Forget the light saber; the flashy sword is but a part of the fictional Star Wars universe. These five crazy, futuristic, and veritably frightening weapons may sound like they come from epic sci-fi flicks, but they're no mere figments of the imagination — they actually exist.

From pain rays to guns that can turn people into zombies, these weapons are no longer the stuff of fiction

  1. Speech-suppressing gun If there were ever a weapon made to fit Big Brother's world to a T, this is it. Let's say someone doesn't want to hear any more of your opinions. All they have to do is point this weapon at you and pull the trigger. This gun was designed by Japanese researchers to silence people by messing with their heads, but how exactly does it work?

Within a distance of 100 feet, a directional mic perched on top of the gun picks up whatever it is the target is saying. The boxy, directional speaker that makes up the bulk of the weapon then plays the sound back with a 0.2-second delay, effectively inducing delayed auditory feedback, a phenomenon caused by the echo of your own voice that interrupts your thoughts and renders you speechless.

[Related: Palm-Sized Star Trek Tech May Be Closer Than You Think] While it's true that the weapon could be used to ensure silence in places like the library, it could also be used to silence protesters, important political figures, and other people who actually have important things to say. Talk about an Orwellian nightmare come true!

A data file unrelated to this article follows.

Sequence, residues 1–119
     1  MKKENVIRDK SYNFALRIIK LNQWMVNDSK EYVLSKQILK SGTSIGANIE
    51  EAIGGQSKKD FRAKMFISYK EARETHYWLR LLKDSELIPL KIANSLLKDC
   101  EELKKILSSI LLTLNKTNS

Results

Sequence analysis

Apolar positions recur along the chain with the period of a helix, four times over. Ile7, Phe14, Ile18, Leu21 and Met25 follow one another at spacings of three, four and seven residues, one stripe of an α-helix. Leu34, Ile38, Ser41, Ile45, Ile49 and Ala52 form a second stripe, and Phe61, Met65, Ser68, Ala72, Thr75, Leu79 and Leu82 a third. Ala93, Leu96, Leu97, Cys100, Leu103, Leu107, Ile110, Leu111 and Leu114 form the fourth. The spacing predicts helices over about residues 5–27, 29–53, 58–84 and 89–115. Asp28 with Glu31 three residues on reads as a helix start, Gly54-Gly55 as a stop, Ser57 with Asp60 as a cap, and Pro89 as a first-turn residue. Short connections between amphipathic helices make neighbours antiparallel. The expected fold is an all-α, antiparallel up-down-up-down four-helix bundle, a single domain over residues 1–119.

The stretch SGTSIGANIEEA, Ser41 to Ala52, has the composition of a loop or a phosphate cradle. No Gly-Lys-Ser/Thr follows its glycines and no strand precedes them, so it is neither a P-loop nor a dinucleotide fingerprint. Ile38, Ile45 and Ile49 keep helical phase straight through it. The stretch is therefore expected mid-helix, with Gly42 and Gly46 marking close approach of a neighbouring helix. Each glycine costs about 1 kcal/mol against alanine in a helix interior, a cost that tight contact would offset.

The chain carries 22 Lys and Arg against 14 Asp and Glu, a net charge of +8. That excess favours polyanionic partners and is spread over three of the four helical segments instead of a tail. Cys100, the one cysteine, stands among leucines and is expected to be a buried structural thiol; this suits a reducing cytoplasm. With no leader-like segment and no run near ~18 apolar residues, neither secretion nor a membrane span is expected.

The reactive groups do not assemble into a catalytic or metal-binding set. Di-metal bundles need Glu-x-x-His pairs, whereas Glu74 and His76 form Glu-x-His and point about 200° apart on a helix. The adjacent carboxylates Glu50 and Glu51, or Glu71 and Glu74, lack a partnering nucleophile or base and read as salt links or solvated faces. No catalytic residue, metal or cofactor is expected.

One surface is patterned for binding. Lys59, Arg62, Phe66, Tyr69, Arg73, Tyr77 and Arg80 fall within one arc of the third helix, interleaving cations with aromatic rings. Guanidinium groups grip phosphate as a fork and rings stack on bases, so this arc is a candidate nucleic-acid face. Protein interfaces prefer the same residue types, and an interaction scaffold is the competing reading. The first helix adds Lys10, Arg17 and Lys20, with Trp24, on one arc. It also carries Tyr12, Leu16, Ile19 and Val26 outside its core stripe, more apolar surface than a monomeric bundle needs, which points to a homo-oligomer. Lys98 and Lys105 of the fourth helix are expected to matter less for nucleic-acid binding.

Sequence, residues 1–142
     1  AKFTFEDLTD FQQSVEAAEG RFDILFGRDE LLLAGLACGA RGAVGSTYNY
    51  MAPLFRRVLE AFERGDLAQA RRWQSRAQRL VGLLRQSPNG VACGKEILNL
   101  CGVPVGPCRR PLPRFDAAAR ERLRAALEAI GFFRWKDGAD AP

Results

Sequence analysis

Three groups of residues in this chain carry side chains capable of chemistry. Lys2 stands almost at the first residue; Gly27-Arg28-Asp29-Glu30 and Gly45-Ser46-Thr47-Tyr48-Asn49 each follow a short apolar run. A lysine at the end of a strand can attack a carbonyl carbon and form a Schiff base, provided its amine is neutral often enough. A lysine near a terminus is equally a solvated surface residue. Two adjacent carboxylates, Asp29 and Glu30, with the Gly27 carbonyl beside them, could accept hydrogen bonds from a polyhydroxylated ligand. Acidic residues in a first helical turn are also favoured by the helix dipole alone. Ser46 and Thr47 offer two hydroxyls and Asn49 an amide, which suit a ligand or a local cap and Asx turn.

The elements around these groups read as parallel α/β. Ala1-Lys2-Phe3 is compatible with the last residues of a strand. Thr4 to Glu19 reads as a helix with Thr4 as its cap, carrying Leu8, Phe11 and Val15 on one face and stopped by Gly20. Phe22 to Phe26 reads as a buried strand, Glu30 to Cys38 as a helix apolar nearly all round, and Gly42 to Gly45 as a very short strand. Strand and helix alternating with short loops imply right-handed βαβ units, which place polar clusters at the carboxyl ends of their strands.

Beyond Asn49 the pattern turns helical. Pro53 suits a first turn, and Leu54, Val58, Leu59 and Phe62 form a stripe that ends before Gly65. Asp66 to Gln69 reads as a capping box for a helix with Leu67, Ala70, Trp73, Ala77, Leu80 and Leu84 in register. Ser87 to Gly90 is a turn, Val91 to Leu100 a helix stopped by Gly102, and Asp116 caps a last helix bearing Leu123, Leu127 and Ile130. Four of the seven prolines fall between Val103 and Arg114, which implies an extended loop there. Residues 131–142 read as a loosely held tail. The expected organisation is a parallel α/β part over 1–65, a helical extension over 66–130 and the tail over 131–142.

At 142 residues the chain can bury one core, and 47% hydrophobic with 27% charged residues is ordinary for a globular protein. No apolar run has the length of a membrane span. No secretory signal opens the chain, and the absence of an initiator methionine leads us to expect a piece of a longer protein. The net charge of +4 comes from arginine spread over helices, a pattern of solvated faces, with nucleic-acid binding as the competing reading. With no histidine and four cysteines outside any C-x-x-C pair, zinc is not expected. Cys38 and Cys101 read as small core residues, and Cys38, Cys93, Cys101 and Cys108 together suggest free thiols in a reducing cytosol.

1. Vomit ray This weapon could also prevent you from speaking your mind, but it's because you're going to be too busy to talk while you're throwing up your lunch. Back in 2007, the U.S. Navy signed a contract with a company called Invocon to develop a weapon that uses radio frequency (RF) to affect a person's sense of hearing and equilibrium. Anyone hit by these waves (which, by the way, can pass through walls) is expected to throw up and experience severe motion sickness — effects that were proven when the company demonstrated the weapon on a very unlucky individual. In the same year, the Department of Homeland Security's Science and Technology department awarded $800,000 to a company called Intelligent Optical Systems (IOS) to develop the LED Incapacitator. It's a fancy flashlight that emits rapid pulse of different-colored lights to induce headache and dizziness, with vomiting as one of the possible aftereffects. Want to make your own puke-inducing weapon? A couple of hardware hackers built one for $250, called it Bedazzler, and even posted instructions you can follow online. Part of Bedazzler's official page reads: "Yes this project does indeed cause: Nausea, dizziness, headache, flashblindness, eye pain and (occasional?) vomiting! So don't use it on your friends or pets." Although if you're building the Bedazzler because you're probably an evil overlord in training, we doubt you're going to take that advice.